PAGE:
When Abdullateef Olaosebikan graduated from the University of Abuja in Nigeria in 2015, he left with an entrepreneurial spirit that continued to grow. While he studied geography and specialized in the information and communications technology sector, he realized there was a problem in a different professional area he wanted to solve.
“I grew up in Kaduna [State] and we usually have this challenge of tomato wastage,” says Abdullateef. “That was how it all started.”
With a desire to solve this problem, in 2015 Abdullateef founded Nafarmfoods, an enterprise created to process and preserve fruits and vegetables such as tomatoes, peppers, and onions. The company does this by converting them into pastes to help combat the issue of its scarcity, extreme cost, and wastage during harvest season.
Why are Tomatoes Important to Nigeria?
It may come as no surprise that tomatoes are a staple for many Nigerian recipes, since Nigeria is the second largest producer of fresh tomatoes in Africa. Globally, the country is the 14th largest tomato producer, with 2.3 million tons produced in 2016. However, due to a range of factors, including inefficient cross-country transport systems and a lack of storage facilities, around 45% of harvested tomatoes go to waste in the country.
What was the “Tomato Ebola” in Nigeria?
In 2016, a Tuta absoluta moth pest, which attacks tomato plant leaves, began destroying crops in Nigeria. Eighty percent of farms in Kaduna, Nigeria’s largest tomato-producing state, were affected by the insect, which produces larvae that can cause a complete loss in yields. Nicknamed the “Tomato Ebola,” the pest first appeared in March of that year and caused the Nigerian government to declare a state of emergency.
Just a year after its founding, Nafarmfoods encountered this challenge. Compounding the problem was the fact that the company had very few partners to learn from or data to refer to. “In particular, we had this challenge of accessing raw tomatoes,” says Abdullateef. “There was no accurate data, no precise information on sourcing for tomatoes. Meeting TechnoServe actually exposed us to the reality in the field, from farmers, to their farms, to the products, to logistics.”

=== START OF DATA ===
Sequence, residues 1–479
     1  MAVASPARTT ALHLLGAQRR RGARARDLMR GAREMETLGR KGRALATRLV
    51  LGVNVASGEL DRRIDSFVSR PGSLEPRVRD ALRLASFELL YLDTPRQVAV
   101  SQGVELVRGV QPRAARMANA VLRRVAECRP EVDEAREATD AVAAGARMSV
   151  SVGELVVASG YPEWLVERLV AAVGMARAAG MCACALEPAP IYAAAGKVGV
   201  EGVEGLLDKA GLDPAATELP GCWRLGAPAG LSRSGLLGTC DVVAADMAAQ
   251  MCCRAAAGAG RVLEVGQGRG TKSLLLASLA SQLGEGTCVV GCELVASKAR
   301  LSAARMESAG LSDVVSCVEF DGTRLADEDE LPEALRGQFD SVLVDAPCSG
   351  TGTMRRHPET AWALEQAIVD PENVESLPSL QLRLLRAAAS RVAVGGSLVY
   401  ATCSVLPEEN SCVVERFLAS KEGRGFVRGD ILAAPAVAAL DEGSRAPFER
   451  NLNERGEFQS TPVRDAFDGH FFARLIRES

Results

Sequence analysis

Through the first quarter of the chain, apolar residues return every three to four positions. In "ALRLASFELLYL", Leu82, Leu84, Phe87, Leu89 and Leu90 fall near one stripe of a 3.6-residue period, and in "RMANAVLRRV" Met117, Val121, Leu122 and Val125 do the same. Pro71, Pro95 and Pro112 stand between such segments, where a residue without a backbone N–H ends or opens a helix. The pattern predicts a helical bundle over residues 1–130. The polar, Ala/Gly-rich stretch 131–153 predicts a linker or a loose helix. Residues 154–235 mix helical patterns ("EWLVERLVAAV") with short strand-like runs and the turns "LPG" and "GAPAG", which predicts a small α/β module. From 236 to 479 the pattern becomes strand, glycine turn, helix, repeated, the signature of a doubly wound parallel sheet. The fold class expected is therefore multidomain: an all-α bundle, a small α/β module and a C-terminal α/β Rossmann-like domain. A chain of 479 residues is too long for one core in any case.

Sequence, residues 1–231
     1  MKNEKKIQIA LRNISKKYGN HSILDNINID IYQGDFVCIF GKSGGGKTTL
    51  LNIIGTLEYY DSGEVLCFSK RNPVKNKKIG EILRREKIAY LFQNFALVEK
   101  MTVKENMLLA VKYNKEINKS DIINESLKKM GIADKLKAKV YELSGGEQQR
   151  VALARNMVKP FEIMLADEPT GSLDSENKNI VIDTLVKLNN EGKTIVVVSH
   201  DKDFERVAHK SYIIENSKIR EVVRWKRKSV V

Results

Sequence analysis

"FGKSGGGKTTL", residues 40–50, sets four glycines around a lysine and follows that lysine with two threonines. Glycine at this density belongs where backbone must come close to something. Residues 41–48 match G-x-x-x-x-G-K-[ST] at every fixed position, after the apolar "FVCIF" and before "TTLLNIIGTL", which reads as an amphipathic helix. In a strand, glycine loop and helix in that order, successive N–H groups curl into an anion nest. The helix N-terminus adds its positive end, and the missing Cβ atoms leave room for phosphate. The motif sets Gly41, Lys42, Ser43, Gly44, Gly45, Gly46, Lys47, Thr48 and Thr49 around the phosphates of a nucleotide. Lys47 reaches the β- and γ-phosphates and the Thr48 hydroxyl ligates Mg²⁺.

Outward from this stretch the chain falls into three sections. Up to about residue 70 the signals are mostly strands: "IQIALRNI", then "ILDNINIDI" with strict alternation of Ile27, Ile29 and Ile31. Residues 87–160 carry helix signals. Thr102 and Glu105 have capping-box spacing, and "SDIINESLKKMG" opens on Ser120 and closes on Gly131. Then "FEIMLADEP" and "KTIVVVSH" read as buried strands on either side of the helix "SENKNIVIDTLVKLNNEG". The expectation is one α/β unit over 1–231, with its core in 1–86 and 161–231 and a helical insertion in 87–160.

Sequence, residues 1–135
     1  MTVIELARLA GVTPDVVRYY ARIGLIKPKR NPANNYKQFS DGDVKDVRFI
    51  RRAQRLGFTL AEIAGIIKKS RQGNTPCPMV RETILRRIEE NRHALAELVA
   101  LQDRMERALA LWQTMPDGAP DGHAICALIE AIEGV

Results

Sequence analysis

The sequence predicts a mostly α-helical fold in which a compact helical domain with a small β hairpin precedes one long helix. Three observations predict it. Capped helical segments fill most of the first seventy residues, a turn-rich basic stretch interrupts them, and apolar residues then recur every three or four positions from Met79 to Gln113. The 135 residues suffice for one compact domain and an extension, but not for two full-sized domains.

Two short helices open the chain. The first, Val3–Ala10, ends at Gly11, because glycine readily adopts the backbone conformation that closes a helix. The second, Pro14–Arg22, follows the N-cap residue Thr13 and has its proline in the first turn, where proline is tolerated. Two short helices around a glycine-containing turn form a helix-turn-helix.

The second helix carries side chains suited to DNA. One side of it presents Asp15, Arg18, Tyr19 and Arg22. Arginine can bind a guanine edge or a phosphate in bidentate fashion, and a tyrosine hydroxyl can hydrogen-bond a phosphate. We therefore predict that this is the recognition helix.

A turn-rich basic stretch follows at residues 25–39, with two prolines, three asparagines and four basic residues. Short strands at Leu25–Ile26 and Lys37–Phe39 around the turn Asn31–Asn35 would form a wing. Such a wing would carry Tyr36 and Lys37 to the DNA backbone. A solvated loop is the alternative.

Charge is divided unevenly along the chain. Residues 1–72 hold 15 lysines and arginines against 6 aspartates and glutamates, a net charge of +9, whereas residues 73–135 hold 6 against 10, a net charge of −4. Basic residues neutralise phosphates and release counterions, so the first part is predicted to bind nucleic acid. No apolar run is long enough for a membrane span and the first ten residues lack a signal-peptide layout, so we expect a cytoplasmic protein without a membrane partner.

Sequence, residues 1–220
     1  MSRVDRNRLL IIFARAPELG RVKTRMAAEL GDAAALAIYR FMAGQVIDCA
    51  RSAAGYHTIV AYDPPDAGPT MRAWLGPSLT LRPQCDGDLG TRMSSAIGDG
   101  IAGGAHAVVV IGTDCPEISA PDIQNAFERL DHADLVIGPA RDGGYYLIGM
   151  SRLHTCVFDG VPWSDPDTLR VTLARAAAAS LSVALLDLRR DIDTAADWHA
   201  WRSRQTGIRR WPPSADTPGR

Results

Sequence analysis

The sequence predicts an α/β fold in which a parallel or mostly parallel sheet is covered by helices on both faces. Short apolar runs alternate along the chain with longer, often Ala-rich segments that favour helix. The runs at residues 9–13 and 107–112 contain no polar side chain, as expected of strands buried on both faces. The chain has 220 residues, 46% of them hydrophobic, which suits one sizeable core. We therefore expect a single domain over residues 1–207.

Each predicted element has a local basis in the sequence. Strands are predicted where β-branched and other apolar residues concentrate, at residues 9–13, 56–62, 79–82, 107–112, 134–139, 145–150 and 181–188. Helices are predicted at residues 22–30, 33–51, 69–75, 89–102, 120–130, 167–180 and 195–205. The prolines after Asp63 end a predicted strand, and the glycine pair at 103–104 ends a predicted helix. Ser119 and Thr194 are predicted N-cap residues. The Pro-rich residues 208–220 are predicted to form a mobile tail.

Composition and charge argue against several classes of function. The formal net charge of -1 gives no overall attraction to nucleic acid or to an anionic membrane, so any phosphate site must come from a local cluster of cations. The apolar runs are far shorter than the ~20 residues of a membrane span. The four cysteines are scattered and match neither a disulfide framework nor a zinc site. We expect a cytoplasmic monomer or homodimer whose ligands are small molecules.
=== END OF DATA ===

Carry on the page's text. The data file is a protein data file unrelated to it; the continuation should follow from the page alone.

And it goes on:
How a First-Time Entrepreneur Found Help with His Business
Despite the country’s soaring demand for tomatoes and its vast areas of arable land, Nigeria is not self-sufficient in this crop. To help farmers capitalize on this untapped market opportunity, TechnoServe partnered with the Rockefeller Foundation and Syngenta Foundation on the YieldWise program in 2017 to increase the incomes of tomato and rice farmers in Nigeria like Abdullateef. By training them in best agricultural and post-harvest practices and connecting them with the inputs and networks they need to make their farming businesses thrive, the program works to improve smallholder farmers’ livelihoods and reduce food waste.
TechnoServe provided training on best practices that help farmers to improve their production, decrease post-harvest losses, and increase their incomes. The program also amplified the impact of these increased yields by training farmers in business skills, helping them to organize into farmers’ organizations, and facilitating direct market connections with buyers who can pay a premium price for their rice and tomato crops. Over the course of the project, more than 6,600 farmers received training on good agricultural practices, including Abdullateef.
“One thing I learned through our engagement with TechnoServe was the creation of a kind of market plan for tomato farmers,” he says. “When I saw this information, I was so interested, and we actually converted it into what we call a cluster map. It shows all the communities in Nigeria harvesting tomatoes.”
Abdullateef says that since working with TechnoServe, Nafarmfoods’ staff has gone from six employees working inconsistently to 16 full-time employees. He is one of the 37,566 farmers who benefited from the YieldWise program. It was found that there was a 169% increase in farmers’ annual income from the baseline value of $194 to an average annual income per farmer of $493.
Abdullateef now has big plans to build Nafarmfoods into one of Africa’s leading companies in tomato processing. He is working to adopt global best practices and localize them to develop a scalable, impactful, and sustainable business that improves socioeconomic conditions at the same time. Nafarmfoods is doing this now by conducting women and youth empowerment trainings with cooperatives and community-based organizations. More than 800 women and youths have been impacted.
Today, Abdullateef looks back on the challenges he has overcome, and feels hopeful about the future. “I’m looking forward to a more sustainable livelihood for myself, my family, and the business,” he says.